• Lionel Pannunzio PT / SCS

How To Recover From a Hip Flexor Injury | Weston | Florida


Introduction


Playing soccer puts a high demand on Groin muscle in general and hip flexors in particular.

If you been around soccer for a while I'm pretty sure that You may heard about " I pull my hip flexor " or " hip flexor injuries".

In today's post I will discuss with you, the different type of injuries Soccer Players may have surrounding the front of the hip and more specifically problems associated with the Hip Flexors.



What are the Hip Flexors ?





The Hip flexors are a group of muscles located in the front of the hip joint.

There are two main muscles in this group : The IlioPsoas and the Rectus Femoris. These muscles, when working together, create powerful hip flexion contractions necessary for kicking (shoelaces kick , long balls), sprinting and change of directions .



Hip Flexor Injuries



Location of Hip Flexor injury ( light blue area)



The most common cause of anterior hip pain is IlioPsoas-Related Pain.

The IlioPsoas is a two-part muscle ( Illio and Psoas ) located deep in the anterior hip joint area

The injury of the hip flexors occurs due to excessive strain on these muscles creating a muscle injury than can go from a small microtrauma of the fibers to a complete rupture of the IlioPoas.


What can cause a Hip Flexor Injury?


The most common mechanism of injury are Kicking, sprinting and change of directions.

In my years working with soccer players, these are very common activities or situations that increase the risk for a hip flexor injury:

  • Shooting practices where the player takes multiple kicks or goalie practices where the goalkeeper rehearse goal kicks or punts over an over are very common scenarios for Hip flexor Strains.

  • Overuse or overload from back to back games without proper resting or hip mobility drills to restore proper length of the hip musculature is another cause that predisposes soccer players to this injury. (see my post on hip mobility on how to restore hip mobility after games or practices)



Severity of the Injury and Time for Healing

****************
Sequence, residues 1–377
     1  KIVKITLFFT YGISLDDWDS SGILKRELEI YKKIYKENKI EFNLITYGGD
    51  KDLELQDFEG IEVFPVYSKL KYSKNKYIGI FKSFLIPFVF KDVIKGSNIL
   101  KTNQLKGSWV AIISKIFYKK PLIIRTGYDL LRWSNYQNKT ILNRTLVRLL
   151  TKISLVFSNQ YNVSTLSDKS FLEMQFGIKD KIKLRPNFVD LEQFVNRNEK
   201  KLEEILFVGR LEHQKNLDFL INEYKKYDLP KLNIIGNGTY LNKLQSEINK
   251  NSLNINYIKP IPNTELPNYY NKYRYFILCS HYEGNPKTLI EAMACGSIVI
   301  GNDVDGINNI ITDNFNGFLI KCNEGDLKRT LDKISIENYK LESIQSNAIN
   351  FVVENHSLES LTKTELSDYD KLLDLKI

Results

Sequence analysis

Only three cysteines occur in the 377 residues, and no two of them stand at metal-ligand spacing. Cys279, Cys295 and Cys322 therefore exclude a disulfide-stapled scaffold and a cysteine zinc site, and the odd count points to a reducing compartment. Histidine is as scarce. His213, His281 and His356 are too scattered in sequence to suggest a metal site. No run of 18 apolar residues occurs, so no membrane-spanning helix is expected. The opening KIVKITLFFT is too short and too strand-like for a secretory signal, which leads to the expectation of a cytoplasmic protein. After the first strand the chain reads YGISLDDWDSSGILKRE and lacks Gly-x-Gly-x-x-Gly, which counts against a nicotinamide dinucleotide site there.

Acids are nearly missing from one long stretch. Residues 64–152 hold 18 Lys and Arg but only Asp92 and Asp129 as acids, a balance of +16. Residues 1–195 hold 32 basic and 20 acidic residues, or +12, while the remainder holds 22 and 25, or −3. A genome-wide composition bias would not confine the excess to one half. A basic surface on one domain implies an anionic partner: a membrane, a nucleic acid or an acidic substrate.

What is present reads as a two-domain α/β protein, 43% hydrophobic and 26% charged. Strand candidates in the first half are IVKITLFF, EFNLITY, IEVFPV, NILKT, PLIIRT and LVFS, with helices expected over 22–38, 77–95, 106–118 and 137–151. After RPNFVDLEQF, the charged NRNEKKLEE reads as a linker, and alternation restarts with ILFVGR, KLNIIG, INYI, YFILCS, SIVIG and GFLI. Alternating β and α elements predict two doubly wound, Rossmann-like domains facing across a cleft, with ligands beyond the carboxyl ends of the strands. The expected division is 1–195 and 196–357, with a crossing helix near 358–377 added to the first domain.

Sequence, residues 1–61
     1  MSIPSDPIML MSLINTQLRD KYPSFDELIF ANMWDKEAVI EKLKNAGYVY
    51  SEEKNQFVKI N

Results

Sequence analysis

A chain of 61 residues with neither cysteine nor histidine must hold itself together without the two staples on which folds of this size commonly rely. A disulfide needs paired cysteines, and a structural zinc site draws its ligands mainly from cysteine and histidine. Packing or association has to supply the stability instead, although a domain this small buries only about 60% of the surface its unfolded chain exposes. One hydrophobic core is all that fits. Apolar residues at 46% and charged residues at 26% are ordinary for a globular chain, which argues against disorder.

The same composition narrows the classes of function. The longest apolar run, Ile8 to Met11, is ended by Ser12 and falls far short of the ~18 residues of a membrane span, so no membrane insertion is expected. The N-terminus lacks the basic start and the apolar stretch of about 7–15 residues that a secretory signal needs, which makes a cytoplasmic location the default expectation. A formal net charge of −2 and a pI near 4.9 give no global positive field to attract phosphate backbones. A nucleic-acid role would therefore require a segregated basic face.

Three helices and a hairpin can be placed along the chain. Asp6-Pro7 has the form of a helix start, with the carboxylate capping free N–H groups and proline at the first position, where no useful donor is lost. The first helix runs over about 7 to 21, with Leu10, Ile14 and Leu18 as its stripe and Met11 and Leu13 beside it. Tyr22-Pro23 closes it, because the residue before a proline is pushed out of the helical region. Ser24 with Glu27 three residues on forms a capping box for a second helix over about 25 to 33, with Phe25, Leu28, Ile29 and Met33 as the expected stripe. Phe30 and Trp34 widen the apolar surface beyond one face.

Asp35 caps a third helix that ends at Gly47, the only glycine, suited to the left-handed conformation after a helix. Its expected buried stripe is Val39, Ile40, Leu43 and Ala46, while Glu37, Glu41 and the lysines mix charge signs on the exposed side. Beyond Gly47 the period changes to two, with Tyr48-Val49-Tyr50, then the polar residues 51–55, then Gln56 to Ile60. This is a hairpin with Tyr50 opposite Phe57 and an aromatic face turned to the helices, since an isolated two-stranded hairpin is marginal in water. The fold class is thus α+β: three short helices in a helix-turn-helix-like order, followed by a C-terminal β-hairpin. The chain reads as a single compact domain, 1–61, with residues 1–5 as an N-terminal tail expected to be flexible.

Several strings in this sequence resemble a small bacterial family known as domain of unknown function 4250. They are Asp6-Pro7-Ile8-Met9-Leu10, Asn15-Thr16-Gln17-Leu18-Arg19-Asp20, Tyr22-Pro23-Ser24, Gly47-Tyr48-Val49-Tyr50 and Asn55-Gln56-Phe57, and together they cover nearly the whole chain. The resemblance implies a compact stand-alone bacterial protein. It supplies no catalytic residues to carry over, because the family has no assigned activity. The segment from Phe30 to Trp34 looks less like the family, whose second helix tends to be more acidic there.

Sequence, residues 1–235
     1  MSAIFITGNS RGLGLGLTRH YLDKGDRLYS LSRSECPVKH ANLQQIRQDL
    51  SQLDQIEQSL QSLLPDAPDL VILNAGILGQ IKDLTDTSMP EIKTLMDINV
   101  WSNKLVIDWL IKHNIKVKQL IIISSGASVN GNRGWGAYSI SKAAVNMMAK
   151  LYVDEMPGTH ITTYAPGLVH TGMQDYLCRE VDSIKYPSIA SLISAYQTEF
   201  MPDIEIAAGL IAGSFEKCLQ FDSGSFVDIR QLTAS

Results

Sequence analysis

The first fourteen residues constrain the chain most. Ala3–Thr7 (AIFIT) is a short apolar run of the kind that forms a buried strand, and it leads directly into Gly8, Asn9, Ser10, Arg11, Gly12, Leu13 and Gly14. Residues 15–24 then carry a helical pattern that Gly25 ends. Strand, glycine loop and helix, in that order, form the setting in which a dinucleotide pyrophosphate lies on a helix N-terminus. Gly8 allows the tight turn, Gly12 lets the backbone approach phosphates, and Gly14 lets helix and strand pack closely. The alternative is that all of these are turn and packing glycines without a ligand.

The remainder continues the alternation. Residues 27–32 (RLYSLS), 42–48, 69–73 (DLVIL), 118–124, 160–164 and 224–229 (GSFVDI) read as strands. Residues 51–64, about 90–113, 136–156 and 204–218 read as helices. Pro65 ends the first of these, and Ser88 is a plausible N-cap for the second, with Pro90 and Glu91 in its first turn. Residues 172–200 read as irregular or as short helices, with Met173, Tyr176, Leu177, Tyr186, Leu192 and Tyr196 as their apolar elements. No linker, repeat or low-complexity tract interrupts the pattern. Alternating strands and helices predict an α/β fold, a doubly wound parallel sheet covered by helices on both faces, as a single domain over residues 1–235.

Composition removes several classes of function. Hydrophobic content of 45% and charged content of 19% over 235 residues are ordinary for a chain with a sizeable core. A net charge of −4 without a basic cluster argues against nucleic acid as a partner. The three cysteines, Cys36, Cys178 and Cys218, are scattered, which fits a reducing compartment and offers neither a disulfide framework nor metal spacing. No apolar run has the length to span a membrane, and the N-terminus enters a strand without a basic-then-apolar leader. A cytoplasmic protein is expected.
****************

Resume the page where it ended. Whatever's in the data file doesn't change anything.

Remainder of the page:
Hip Flexor Exercises


Restoring the strength of the hip flexor and mobility of the hip is a challenge and you should not return to play without proper treatment because this problem has a high rate of re-injury. Follow the exercises below to start working of these two pillars of a good recovery: movement and strength.

Hip flexor Mobility in Half-Kneeling







Knee to Chest Mobility Work



Setup

Begin lying on your back with your legs straight.

Movement

Using your hands, slowly pull one knee toward your chest until you feel a gentle stretch in your lower back.

Tip

Make sure to keep your back relaxed and flat on the ground during the stretch.




Hip flexor Isometric



Setup

Begin lying on your back with your knees bent and feet resting on the floor.

Movement

Bend one leg up to a 90 degree angle and place your hand on your knee. Try to bend your leg toward your chest, but resist the movement with your hand.

Tip

Make sure to keep your trunk stiff and do not arch your low back during the exercise.




Hip Flexor Strengthening at 90/90 with Abdominal Bracing



Rationale:

Create a contraction of the Abdominals and Hip Flexors synchronically which will make you more tolerable to Hip Flexor activation to promote healing with less pain.

Setup

Begin lying on your back with your knees bent and feet resting flat on the floor or on the Swiss Ball.

Tighten your abdominals and lift one leg up to a 90 degree angle, then lift your other leg to the same position and hold, keeping your abdominals tight. Then lower each foot in the same order to the Ball or the floor if you don’t have a Ball.





Hip Flexor Strengthening with band



Setup

Begin by lying on your back with your hips and knees bent, and feet resting flat on the floor. Your arms should be flat at your sides, palms facing the ground.

Movement

Lift your legs off the ground to 90 degrees , then slowly straighten the opposite leg holding the involved leg at 90 degrees in an isometric contraction resisting the pull from the band.

Tip

Choose a light band first and Do not allow your back to arch during the exercise.



Conclusion


  • Hip Flexor Injuries are very common in soccer players

  • Follow the progression of exercises listed above in the order presented: first mobility, then isometric contractions , then band workout

  • Soccer players need strong but at the same time mobile Hips.

  • You will feel stronger and quicker once you do these Drills



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